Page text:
Trajectories of lifetime comorbid alcohol and other drug use disorders through midlife

Roxanne Upah, Theodore Jacob, Rumi Kato Price

Research output: Contribution to journalArticlepeer-review

5 Scopus citations

Abstract

Objective: Very few studies have examined the developmental nature of comorbid alcohol use disorders and drug use disorders (AUD-DUD). The current study sought to extend our understanding of the nature of AUD-DUD comorbidity by characterizing the developmental course of AUD-DUD comorbidity, determining the degree to which the two disorders occur during the same period, and eliciting differences in AUD-DUD trajectories over the life course. Method: Vietnam-era male veterans and matched civilians provided retrospective accounts of alcohol- and other drug–related experiences spanning 25 years. Concurrent growth mixture modeling was used to describe the course of AUDDUD lifetime comorbidity. Results: Five trajectories were identified based on the probabilities of diagnosing with AUD-DUD: substance switching (increasing AUD, decreasing DUD); young adult (both AUD and DUD decreasing rapidly after young adulthood); severe nonchronic (both AUD and DUD decreasing slowly in the third decade of life); severe chronic alcohol–severe nonchronic drug (AUD remains high and DUD decreases in the fourth decade); and young adult alcohol–severe chronic drug (decreasing AUD in the second decade and DUD remains high). Conclusions: For the majority of this sample, substance use disorders continued or worsened through adulthood, indicating a problem that extends far beyond young adulthood. Demographic characteristics differed among the trajectories; however, psychiatric diagnoses did not differ except for the number of years with diagnoses of antisocial personality disorder. Subthreshold symptoms in adulthood may be present for a significant period before diagnosis, making this period important for intervention and prevention. Integration of efforts into healthcare, employment, and public policy will help target those at highest risk.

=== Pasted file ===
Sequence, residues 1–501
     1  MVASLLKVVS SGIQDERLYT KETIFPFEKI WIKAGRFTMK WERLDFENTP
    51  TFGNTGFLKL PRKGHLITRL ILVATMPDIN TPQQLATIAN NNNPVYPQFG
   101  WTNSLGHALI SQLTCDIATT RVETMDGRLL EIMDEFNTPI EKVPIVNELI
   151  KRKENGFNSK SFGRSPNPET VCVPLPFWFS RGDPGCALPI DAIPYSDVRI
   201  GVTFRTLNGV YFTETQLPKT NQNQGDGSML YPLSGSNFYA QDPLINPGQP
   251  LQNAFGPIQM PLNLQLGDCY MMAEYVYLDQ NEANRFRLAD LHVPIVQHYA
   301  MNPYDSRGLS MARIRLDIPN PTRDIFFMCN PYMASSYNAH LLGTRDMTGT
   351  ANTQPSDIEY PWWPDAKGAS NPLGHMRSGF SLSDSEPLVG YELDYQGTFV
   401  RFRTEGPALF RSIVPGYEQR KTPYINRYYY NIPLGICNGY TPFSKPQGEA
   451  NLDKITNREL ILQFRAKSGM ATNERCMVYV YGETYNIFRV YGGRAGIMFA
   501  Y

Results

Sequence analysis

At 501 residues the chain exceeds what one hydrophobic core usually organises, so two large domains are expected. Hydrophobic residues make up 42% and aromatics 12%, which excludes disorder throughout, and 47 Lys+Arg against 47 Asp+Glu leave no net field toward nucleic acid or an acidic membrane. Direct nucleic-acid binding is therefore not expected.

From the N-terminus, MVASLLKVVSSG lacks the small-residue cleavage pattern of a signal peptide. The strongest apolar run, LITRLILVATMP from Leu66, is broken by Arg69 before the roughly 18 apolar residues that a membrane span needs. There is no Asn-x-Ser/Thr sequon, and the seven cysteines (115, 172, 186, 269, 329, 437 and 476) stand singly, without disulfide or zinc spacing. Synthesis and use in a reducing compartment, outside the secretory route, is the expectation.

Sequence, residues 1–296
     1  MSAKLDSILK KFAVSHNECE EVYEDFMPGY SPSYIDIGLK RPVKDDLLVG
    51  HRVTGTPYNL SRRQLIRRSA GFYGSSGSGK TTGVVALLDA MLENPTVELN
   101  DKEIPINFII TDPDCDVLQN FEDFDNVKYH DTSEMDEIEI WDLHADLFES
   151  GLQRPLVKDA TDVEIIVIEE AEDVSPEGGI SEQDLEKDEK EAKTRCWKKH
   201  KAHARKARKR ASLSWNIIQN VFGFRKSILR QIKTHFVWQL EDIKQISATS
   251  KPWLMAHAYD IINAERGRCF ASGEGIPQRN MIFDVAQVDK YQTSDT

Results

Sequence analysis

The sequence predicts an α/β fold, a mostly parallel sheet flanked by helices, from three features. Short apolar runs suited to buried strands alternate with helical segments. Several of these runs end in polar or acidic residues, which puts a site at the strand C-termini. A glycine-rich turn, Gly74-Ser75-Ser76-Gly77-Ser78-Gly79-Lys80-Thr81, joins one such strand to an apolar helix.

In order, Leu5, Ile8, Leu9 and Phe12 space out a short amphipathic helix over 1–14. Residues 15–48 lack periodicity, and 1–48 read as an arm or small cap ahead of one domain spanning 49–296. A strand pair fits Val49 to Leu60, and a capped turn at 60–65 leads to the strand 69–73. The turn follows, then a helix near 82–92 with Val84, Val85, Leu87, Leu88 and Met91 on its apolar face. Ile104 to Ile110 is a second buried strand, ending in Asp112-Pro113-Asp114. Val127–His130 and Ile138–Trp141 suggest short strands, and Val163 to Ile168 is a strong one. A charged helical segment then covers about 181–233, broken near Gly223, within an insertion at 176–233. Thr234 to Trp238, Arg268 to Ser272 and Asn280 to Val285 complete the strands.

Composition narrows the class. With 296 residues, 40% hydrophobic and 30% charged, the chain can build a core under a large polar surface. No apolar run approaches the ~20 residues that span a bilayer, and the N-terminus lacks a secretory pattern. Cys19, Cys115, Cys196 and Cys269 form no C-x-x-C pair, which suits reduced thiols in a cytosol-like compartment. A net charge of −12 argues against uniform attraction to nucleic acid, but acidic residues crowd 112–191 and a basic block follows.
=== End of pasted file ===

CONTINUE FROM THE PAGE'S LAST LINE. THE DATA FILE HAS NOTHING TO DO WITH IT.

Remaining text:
Original languageEnglish
Pages (from-to)721-732
Number of pages12
JournalJournal of Studies on Alcohol and Drugs
Volume76
Issue number5
DOIs
StatePublished - Sep 2015

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